Johnny Nash, a singer-songwriter, actor and producer who rose from pop crooner to early reggae star to the creator and performer of the million-selling anthem “I Can See Clearly Now,” died Oct. 6, his son said.
Nash, who had been in declining health, died of natural causes at home in Houston, the city of his birth, his son, Johnny Nash Jr., told The Associated Press. He was 80.
Nash was in his early 30s when “I Can See Clearly Now” topped the charts in 1972 and he had lived several show business lives. In the mid-1950s, he was a teenager covering “Darn That Dream” and other standards, his light tenor likened to the voice of Johnny Mathis. A decade later, he was co-running a record company, had become a rare American-born singer of reggae and helped launch the career of his friend Bob Marley.
Nash praised “the vibes of this little island” when speaking of Jamaica, and he was among the ﬁrst artists to bring reggae to U.S. audiences. He peaked commercially in the late 1960s and early 1970s, when he had hits with “Hold Me Tight,” “You Got Soul,” an early version of Marley’s “Stir It Up” and “I Can See Clearly Now,” still his signature song.
Reportedly written by Nash while recovering from cataract surgery, “I Can See Clearly Now” was a story of overcoming hard times that itself raised the spirits of countless listeners, with its swelling pop-reggae groove, promise of a “bright, bright sunshiny day” and Nash’s gospel-styled exclamation midway, “Look straight ahead, nothing but blue skies!”, a backing chorus lifting the words into the heavens.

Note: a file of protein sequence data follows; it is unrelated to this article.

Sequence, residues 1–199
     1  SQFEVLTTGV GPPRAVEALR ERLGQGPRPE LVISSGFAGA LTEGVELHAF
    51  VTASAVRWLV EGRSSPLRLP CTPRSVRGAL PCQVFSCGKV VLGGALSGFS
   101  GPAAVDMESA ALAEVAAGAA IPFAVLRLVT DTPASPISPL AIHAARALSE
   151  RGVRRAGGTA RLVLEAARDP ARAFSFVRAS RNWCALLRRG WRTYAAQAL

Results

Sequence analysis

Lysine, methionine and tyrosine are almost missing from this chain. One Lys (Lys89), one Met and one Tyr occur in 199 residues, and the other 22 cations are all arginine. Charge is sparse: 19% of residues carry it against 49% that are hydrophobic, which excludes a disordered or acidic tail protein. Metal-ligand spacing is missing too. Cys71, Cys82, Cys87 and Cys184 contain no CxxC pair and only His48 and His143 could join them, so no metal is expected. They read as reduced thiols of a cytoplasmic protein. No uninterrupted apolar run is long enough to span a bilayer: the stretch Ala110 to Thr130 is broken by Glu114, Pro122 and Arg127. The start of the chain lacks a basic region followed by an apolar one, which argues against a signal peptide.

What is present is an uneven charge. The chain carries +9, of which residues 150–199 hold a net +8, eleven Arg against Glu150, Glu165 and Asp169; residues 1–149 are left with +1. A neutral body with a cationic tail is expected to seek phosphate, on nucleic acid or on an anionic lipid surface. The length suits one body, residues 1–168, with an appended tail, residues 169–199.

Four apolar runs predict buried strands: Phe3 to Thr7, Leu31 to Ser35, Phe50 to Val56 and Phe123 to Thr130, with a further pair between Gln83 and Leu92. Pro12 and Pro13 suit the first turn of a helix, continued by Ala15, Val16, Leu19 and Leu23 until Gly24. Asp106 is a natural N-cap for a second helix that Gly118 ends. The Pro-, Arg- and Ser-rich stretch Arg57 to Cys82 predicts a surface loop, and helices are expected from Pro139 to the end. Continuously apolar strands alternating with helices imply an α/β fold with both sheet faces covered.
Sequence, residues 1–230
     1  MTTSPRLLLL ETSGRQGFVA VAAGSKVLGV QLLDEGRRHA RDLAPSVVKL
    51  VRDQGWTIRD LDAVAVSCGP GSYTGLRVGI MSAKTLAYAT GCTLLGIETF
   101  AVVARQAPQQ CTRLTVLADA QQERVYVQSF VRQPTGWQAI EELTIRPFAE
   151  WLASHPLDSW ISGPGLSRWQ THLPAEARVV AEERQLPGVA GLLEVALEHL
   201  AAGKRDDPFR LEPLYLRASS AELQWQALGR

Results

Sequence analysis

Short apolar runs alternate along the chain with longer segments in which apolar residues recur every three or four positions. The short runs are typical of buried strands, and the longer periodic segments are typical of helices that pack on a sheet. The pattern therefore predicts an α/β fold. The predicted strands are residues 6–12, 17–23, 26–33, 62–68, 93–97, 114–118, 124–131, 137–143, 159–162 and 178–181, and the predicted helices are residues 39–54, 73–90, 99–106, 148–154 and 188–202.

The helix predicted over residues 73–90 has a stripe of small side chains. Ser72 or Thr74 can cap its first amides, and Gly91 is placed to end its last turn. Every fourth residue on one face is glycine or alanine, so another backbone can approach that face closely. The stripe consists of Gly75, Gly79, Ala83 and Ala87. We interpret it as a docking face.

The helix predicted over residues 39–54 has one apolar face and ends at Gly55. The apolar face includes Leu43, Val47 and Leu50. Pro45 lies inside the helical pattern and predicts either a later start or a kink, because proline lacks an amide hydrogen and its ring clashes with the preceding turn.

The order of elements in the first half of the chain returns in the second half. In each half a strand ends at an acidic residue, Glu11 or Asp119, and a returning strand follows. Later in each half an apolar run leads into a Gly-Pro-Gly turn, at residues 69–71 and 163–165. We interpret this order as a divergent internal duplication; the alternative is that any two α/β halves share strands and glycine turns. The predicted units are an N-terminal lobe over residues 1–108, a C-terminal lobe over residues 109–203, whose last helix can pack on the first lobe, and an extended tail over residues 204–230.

Rare American-born singer of reggae who helped launch the career of his friend Bob Marley, his signature song was called “2 minutes and 48 seconds of undiluted inspiration.”
The rock critic Robert Christgau would call the song, which Nash also produced,”2 minutes and 48 seconds of undiluted inspiration.”
Although overlooked by Grammys judges,”I Can See Clearly Now” was covered by artists ranging from Ray Charles and Donny Osmond to Soul Asylum and Jimmy Cliff, whose version was featured in the 1993 movie”Cool Runnings.” It also turned up everywhere from”Thelma and Louise” to a Windex commercial, and in recent years was often referred to on websites about cataract procedures.
“I feel that music is universal. Music is for the ears and not the age,” Nash told Cameron Crowe, then writing for Zoo World Magazine, in 1973.”There are some people who say that they hate music. I’ve run into a few, but I’m not sure I believe them.”
The fame of”I Can See Clearly Now” outlasted Nash’s own. He rarely made the charts in the years following, even as he released such albums as”Tears On My Pillow” and”Celebrate Life,” and by the 1990s had essentially left the business.